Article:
Farmer Andrew Blenkeron in a water-scarce maize field in Euston, UK on August 10, 2022 (AFP/William EDWARDS)
Exploding energy prices, droughts and historic heat waves, many “mass blows” for an English farmer, forced him to make painful choices to save part of the harvest.
Electricity bills for the Euston estate, 130km north-east of London, have quadrupled this year to “370,000 pounds sterling” (438,000 euros), its manager Andrew Blenkeron told AFP.
This is the result of a tripling of rates at a time when parts of the United Kingdom will once again experience temperatures of 30 degrees Celsius, but the weather will require more water to be pumped.
With “unbelievable heat and very dry air”, the potato fields need “probably twice as much” water, Mr. Blenkron promises. .
Farmer Andrew Blenkeron stands in front of one of the two large reservoirs at the vacant Euston estate on August 10, 2022 in the United Kingdom (AFP / William EDWARDS).
During this season, its level should reach a maximum of 5 meters, but it is almost empty.
The land in this part of Suffolk is very fertile and receives sufficient nutrients and water. However, the region received only 10% of normal rainfall in July, and less than 50% in three months.
The past exceptionally dry months in central and southern England have led to restrictions on water consumption in some areas and have been a blow to fruit and vegetable growers, who are seeing their produce decimated.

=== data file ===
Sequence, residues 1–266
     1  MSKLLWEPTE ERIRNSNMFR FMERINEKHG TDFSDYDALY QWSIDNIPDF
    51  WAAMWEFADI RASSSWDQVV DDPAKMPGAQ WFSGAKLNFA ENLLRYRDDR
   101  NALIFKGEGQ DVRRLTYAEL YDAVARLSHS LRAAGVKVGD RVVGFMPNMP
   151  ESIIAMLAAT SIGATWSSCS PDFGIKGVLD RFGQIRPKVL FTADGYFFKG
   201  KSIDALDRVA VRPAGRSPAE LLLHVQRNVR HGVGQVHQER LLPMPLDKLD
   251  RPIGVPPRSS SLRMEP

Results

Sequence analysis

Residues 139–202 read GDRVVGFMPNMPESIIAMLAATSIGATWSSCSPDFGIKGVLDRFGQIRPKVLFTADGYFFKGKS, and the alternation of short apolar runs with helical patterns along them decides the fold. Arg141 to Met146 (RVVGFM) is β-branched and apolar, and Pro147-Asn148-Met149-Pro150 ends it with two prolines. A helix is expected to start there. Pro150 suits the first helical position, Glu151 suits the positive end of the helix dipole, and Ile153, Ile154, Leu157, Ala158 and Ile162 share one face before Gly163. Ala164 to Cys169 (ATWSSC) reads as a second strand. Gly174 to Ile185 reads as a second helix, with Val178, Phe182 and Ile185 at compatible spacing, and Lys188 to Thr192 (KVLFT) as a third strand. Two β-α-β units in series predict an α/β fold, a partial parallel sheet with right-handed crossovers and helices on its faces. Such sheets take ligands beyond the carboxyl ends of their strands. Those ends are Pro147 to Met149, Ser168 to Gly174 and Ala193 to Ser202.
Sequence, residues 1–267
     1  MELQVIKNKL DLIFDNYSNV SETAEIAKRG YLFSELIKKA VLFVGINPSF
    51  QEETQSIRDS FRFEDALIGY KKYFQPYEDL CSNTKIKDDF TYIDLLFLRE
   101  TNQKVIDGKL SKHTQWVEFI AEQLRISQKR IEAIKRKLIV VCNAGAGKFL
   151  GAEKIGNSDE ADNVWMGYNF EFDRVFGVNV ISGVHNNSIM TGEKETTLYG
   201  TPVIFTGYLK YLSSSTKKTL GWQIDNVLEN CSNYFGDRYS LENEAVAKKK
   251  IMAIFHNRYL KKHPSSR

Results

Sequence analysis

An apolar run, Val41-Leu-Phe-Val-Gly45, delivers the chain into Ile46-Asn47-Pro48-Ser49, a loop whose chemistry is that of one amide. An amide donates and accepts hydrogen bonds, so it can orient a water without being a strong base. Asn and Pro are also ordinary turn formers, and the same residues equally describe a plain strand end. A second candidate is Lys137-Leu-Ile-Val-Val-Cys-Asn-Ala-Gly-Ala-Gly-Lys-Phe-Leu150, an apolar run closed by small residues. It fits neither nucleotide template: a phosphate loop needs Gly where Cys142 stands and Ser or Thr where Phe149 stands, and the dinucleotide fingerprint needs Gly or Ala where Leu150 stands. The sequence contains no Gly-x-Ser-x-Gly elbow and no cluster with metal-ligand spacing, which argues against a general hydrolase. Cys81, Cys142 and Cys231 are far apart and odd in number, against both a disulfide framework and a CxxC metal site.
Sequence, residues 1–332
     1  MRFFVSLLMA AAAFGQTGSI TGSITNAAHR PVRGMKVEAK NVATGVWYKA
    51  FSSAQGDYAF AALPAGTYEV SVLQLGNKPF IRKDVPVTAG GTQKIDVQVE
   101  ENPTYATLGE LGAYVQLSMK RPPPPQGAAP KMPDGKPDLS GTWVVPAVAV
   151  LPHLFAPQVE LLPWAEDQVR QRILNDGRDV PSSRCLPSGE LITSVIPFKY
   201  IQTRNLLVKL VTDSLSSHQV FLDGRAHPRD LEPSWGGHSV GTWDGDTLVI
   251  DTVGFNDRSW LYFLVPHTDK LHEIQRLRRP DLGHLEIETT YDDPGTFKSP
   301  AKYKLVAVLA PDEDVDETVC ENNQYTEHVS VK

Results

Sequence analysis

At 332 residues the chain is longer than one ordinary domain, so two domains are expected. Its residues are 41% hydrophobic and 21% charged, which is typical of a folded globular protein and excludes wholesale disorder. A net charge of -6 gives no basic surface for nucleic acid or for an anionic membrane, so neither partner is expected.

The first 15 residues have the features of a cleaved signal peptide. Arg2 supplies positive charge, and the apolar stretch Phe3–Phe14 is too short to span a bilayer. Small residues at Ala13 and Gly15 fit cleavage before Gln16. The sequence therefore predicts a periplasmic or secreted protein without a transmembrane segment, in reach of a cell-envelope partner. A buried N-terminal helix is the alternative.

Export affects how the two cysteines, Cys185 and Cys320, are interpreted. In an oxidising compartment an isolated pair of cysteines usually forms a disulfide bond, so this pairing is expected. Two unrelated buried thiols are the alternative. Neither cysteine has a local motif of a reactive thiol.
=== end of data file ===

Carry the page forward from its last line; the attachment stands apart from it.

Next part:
Euston Estate irrigates potatoes, it’s harvest season. In contrast, sugar beets are left to fend for themselves.
A potato field in Euston Gardens, UK on August 10, 2022 (AFP / William EDWARDS)
Mr. Discovered by accident by Blenkron, some, about the size of a volleyball, sport a wiry and stunted appearance.
“We think the yield will be halved,” says the manager, while he hopes the rains will return with the seasonal opening of the sugar mill at the end of September, as “the yams can be recovered (from the mass). Significantly.
On the other hand, it is already late for fodder corn used in cattle feed, which will cause “real difficulties this winter” to run the estate’s methanization unit.
The oil shock has tripled the price of fertilizers and doubled the price of fuel for tractors and harvesters.
Euston, owned by the Dukes of Grafton for 350 years, is forced to bear these increases alone as prices for the 2022 harvests are contractually fixed.
Drought-hit fields at Euston Gardens in the UK on August 10, 2022 (AFP/William EDWARDS)
On the other hand, “if energy prices stay the same next year, we will have to pass these costs on to our customers,” warns Mr Blenkron, adding that inflation is already the highest since the 1980s.
If there is not enough rain this winter, “very difficult decisions will be made on the amount we are going to sow”.
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